Too old to rock 'n' roll, too young to die


All about the music played on the Spirit
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Great Satan

Too old to rock 'n' roll, too young to die

Post by Great Satan » Wed Jul 09, 2003 8:27 pm



FYI It's the title of a Jethro Tull song that the CFNY DJ played, upon request, around the time of Lennon's death.

Around their 20th birthdays, Elvis was doing Heartbreak Hotel, McCartney was about to be world famous, Peter Gabriel was in very early Genesis, Sting did Roxanne, and Bono's U2 were working on the War album.

Around their 32nd birthdays, Elvis was about to do a decent TV special, McCartney did Band on the Run, Peter did his 4th (and my favourite) album, Sting could still do a song that wasn't crappy, and U2 did Zooropa.

Around their 42nd birthdays, Elvis died, McCartney was doing crappy soundtracks and duets, Peter did one last good album, Sting could no longer do jack---t, and I expect U2 to start losing it--even now I see the pretty girl on the video isn't with Bono but with a younger guy--like that Rod Stewart voyeur video.

I can't think of any artist that does good music at the age of 50. Neil Young can sort of, but his best were with Eddie Vedder. I suppose Johnny Rotten and Henry Rollins do their seminars and "spoken word" sets because Rotten hasn't done a good song since Seattle and I doubt Rollins could any more ape a U2 song than some anti-rapper could do a rap song in demonstration of its alleged not-taking-much-talent.

Why is this? Am I missing something? Are the Rolling Stones doing stuff way too cool for commercial radio, or should I take a hint from their poorly rendered rip-off from k.d.lang?

These men (most important stars are men--the "10 bands that mattered the most" were men--save Tina) will remain healthy for decades. Ditto mentally alert. They are rich, which means they might be apathetic, but surely not all and they now have lots of clout and resources to produce masterpieces--no record company butt-kissing--or less of it at least. Consider Sergeant Pepper's or the White Album.

Does anyone know of any good songs from those past 50?

Again comments are appreciated.



Bill Yetman

Too old to rock 'n' roll, too young to die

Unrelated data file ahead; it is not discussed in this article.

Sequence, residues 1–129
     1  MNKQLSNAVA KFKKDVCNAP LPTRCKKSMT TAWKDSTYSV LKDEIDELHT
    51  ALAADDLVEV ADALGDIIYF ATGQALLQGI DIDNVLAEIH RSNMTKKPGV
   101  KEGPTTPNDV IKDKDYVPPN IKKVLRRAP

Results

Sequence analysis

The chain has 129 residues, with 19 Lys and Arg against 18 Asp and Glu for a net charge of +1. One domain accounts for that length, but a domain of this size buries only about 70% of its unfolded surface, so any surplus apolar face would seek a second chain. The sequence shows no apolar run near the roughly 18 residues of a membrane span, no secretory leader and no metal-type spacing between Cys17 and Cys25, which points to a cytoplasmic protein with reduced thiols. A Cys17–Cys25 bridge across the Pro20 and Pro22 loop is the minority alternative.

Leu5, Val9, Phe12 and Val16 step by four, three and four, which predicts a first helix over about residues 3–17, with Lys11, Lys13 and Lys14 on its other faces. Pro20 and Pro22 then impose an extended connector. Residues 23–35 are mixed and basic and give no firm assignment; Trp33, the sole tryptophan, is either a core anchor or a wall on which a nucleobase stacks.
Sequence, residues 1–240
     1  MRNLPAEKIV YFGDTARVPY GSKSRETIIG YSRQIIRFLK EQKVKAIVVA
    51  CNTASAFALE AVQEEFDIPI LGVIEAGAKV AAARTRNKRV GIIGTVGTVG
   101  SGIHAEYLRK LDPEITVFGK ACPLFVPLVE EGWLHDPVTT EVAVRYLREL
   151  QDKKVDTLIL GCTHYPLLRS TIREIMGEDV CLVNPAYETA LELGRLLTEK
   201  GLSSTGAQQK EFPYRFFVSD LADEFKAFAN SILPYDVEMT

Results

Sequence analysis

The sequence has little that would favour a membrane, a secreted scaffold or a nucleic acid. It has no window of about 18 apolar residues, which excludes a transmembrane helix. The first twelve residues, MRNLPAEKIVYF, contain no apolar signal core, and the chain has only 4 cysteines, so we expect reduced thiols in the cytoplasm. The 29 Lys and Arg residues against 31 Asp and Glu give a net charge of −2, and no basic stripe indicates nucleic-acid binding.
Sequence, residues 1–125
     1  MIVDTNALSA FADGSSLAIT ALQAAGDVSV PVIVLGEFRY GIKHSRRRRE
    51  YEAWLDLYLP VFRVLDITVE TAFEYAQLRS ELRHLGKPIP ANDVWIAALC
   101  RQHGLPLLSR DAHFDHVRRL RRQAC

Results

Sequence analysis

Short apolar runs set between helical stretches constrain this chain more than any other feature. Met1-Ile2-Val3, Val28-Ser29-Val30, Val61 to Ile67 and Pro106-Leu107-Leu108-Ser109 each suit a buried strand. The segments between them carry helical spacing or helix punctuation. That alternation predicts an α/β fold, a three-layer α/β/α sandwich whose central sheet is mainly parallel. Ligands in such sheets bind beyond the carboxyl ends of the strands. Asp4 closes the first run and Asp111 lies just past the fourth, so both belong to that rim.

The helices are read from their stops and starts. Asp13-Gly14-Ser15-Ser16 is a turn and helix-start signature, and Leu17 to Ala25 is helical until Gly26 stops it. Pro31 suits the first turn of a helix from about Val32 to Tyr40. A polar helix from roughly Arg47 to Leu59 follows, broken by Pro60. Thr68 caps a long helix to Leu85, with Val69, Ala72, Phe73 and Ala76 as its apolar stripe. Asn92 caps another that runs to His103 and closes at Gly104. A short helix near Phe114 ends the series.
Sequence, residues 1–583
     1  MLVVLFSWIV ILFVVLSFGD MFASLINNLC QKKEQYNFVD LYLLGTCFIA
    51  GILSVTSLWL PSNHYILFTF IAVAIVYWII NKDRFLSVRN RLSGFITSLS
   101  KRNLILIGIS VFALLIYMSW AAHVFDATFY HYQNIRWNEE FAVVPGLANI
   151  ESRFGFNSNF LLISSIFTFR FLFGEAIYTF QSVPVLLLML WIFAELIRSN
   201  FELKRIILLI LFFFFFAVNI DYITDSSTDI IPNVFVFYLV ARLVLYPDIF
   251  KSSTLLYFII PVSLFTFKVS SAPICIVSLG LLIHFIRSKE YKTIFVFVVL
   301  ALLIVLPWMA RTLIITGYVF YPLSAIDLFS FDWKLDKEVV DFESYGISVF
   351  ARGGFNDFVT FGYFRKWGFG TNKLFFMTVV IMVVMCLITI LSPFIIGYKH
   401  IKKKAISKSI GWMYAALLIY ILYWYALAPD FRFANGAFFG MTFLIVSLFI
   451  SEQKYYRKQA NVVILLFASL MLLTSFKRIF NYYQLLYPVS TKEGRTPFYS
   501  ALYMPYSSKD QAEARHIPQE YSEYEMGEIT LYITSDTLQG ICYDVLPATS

Post by Bill Yetman » Thu Jul 10, 2003 1:12 pm

My theory (it's a fairly obvious one) about younger artists producing better work is the "hunger" factor. They start out with nothing, and try desperately to find an interesting/innovative sound. Usually they would have feedback relating to the music, not to their cult of personality, so if they play a song that a crowd doesn't like, they get an immediate impression if they're doing something good. Older, established bands, especially stars, tend to stick to their style and beat it to death in the name of making money off their brand. Add in the factor of fans who praise anything they do, and being surrounded mostly by other rich, famous artists, and they lose all touch with innovation... paving the way for the next wave of stars. Notable exceptions are Bowie and to a lesser extent Madonna, who have tried to do new and different things by surrounding themselves with fresh talent (like Bowie's ever-changing cast of bandmates and producers, or Madonna scooping up William Orbit). Long story short, you don't get much out of an established Music Business Star except the same, safe stuff nearly guaranteed to make some money- barring big swings in popular taste (see ya later, Level 42).

kenf

Too old to rock 'n' roll, too young to die

Post by kenf » Thu Jul 10, 2003 10:44 pm

. Who's had the top selling albums recently: Beatles, Rolling Stones, & Elvis. What's the overlooked common factor? The songs are SHORT; typically 2-3 minutes only. And everyone can hum the tunes.
. Pop music used to be single oriented, then albums came. A catchy single(s), a followup(?), and most records still had lots of room for filler. A few artists did whole album sides (groovy man), but that's still only 20 minutes played at a stretch. To hear an entire album: pause, get up, flip vinyl, whatever else, then resume listening, whew.

. But for 15+ years; the more demanding, nobreak, one-sided hour-long and more Disc has been used instead. Are current bands as over-skilled over yesterday's as their athletic counterparts claim to be? ,Really?
. (If I could - ha) I'd love to hack down many older artists' modern efforts from CD and back into a disciplined splitted output <43 minute product - not neccessarily as 'old vinyl'. Spare the club/remix/intro'd/ext treatment for the hits & weekends. If the basic song doesn't 'hook' within 5-15 seconds, it likely won't after 5-6 minutes.
. Writers still have editors to heavily reduce & refine their manuscripts, and when I buy jazz reisuues, many remain at 35 minutes length. Age and fame regardless: seems no one is allowed to produce a finished catchy SINGLE anymore.

note: (this doesn't espouse listening to the same 10 major hits repeatedly.)

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